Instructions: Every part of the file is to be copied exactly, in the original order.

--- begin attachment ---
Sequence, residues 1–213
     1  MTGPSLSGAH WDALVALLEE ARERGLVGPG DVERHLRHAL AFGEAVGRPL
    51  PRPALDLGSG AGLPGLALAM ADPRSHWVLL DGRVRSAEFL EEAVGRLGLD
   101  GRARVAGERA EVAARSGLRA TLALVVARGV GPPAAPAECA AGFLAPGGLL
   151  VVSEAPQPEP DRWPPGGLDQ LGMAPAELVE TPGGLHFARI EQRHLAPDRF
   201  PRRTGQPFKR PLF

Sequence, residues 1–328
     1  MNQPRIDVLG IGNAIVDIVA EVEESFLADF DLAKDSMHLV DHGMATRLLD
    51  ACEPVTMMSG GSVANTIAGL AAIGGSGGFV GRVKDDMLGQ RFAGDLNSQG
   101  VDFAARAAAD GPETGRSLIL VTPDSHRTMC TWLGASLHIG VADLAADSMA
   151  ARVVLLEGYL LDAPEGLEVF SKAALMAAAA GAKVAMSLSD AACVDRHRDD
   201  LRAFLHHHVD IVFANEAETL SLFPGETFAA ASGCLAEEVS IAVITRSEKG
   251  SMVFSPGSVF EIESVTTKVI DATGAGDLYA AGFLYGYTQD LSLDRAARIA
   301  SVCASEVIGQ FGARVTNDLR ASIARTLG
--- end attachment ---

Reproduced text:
Sequence, residues 1–213
     1  MTGPSLSGAH WDALVALLEE ARERGLVGPG DVERHLRHAL AFGEAVGRPL
    51  PRPALDLGSG AGLPGLALAM ADPRSHWVLL DGRVRSAEFL EEAVGRLGLD
   101  GRARVAGERA EVAARSGLRA TLALVVARGV GPPAAPAECA AGFLAPGGLL
   151  VVSEAPQPEP DRWPPGGLDQ LGMAPAELVE TPGGLHFARI EQRHLAPDRF
   201  PRRTGQPFKR PLF

Sequence, residues 1–328
     1  MNQPRIDVLG IGNAIVDIVA EVEESFLADF DLAKDSMHLV DHGMATRLLD
    51  ACEPVTMMSG GSVANTIAGL AAIGGSGGFV GRVKDDMLGQ RFAGDLNSQG
   101  VDFAARAAAD GPETGRSLIL VTPDSHRTMC TWLGASLHIG VADLAADSMA
   151  ARVVLLEGYL LDAPEGLEVF SKAALMAAAA GAKVAMSLSD AACVDRHRDD
   201  LRAFLHHHVD IVFANEAETL SLFPGETFAA ASGCLAEEVS IAVITRSEKG
   251  SMVFSPGSVF EIESVTTKVI DATGAGDLYA AGFLYGYTQD LSLDRAARIA
   301  SVCASEVIGQ FGARVTNDLR ASIARTLG